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States Target the Paperwork That Slows Broadband Expansion

Permitting obstacles too often slow deployment of federal infrastructure dollars.

(The Pew Charitable Trusts)
As policymakers in the nation’s states and territories explore how best to spend billions of dollars in federal infrastructure money intended to expand access to broadband, a key focus has been on how to avoid a host of potential obstacles that can impede or thwart their progress.

Throughout 2023, their broadband offices undertook a systematic planning process to prepare for a $42.45 billion infusion from the Broadband Equity, Access, and Deployment (BEAD) program and $2.75 billion from the Digital Equity Act (DEA) program, both part of the Infrastructure Investment and Jobs Act (IIJA) enacted in late 2021. In their outreach, broadband office representatives met with thousands of communities and stakeholders to identify their connectivity needs and to map existing assets—including their physical networks and their partner organizations. Each jurisdiction then developed its own comprehensive five-year action plan and an interconnected digital equity plan.

As part of that process, each office compiled a list of potential barriers that could impede their implementation of the newly available funds or that could undercut their goals to increase internet access, adoption, and affordability. The Pew Charitable Trusts’ broadband access initiative has reviewed all available plans and compared the barriers identified by state offices during this planning process.

Critically, stakeholders in a majority of states repeatedly raised the same key issues. Those included concerns over the supply chain of materials to build networks, the availability of trained workers, and the capacity for organizations, small providers, and local governments to engage with complicated federal programs. One issue, however, was mentioned in virtually every plan, the perennial asterisk on every infrastructure project’s timeline: cumbersome permitting processes.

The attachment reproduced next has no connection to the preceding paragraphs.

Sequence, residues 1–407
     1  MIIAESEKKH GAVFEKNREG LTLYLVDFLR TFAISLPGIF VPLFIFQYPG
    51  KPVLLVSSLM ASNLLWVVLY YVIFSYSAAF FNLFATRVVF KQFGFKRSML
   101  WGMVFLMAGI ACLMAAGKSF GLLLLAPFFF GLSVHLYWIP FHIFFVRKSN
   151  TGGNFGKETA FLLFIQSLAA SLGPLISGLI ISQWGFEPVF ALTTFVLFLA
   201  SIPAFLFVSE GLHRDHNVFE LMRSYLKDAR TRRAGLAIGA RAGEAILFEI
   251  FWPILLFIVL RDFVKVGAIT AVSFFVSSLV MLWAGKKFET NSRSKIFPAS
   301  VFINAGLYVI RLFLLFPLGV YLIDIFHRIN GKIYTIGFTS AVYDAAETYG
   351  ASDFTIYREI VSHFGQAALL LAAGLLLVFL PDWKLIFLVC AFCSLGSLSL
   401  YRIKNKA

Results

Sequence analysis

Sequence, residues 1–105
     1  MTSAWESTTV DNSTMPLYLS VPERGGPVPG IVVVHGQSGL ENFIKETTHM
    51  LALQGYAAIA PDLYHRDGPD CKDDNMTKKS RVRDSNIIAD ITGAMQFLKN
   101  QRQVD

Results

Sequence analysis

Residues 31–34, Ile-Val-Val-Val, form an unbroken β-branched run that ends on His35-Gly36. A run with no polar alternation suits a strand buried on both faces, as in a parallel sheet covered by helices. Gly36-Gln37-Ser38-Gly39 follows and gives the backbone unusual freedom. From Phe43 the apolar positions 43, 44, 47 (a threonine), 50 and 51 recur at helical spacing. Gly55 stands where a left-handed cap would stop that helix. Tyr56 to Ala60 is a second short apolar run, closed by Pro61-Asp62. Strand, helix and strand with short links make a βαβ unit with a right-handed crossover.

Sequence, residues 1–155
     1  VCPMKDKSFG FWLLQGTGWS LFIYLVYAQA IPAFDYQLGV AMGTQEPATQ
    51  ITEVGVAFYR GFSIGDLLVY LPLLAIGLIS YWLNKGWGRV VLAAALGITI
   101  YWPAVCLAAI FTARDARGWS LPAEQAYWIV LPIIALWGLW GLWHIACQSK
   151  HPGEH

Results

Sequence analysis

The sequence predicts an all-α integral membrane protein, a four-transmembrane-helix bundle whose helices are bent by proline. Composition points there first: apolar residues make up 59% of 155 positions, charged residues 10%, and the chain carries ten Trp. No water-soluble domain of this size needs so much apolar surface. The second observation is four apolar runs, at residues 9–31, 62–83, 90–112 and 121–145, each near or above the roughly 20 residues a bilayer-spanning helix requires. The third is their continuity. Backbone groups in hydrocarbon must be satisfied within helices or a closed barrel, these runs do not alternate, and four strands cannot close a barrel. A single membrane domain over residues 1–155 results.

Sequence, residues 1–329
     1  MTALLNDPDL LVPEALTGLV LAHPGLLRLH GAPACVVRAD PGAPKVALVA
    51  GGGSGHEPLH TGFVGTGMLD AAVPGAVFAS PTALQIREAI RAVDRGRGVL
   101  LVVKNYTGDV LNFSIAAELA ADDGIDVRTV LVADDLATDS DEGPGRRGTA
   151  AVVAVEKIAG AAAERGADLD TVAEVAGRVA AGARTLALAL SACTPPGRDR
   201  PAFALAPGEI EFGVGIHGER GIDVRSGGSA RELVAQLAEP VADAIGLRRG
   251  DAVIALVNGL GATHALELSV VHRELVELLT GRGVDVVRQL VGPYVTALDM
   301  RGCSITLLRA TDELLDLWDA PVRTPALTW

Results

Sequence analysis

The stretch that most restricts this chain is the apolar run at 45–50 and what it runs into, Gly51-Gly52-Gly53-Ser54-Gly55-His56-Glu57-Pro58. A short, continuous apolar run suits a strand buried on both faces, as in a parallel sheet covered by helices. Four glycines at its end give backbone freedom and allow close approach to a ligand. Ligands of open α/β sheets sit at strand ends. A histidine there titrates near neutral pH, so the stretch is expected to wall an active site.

Permitting Against the Clock

With the infrastructure law requiring BEAD-funded projects to connect every currently unserved home and business in the country and complete construction within four years, the risk of permitting delays looms over state and territory plans for broadband deployment. Although permitting challenges are not new in the broadband world, the scale of BEAD and its unique federal requirements pose new hurdles.

The issues range from the overarching complexity of projects that cut across multiple jurisdictions to the individual, procedural hurdles at each step of the process that can stress the capacity of applicants and regulatory staff. Specifically, broadband offices repeatedly elevated:

  • The potential for delays in the negotiating process between owners of utility poles and providers that want to attach lines (also referred to as pole attachments) and when navigating railroad crossings.
  • The capacity of each state or territory’s “call before you dig” systems (also known as colocation services), which are essential for identifying underground lines before digging.
  • And the variances in administrative processes at local levels when constructing in rights-of-way.

“BEAD represents an unprecedented public sector investment in broadband infrastructure, and state and local governments may need to prepare for significantly higher rates of permitting requests in the implementation phase of deployment,” wrote the authors of the New Jersey five-year action plan. “BEAD is also taking place in the midst of an historic investment across multiple types of infrastructure … which may create more pressure on local and state permitting offices.”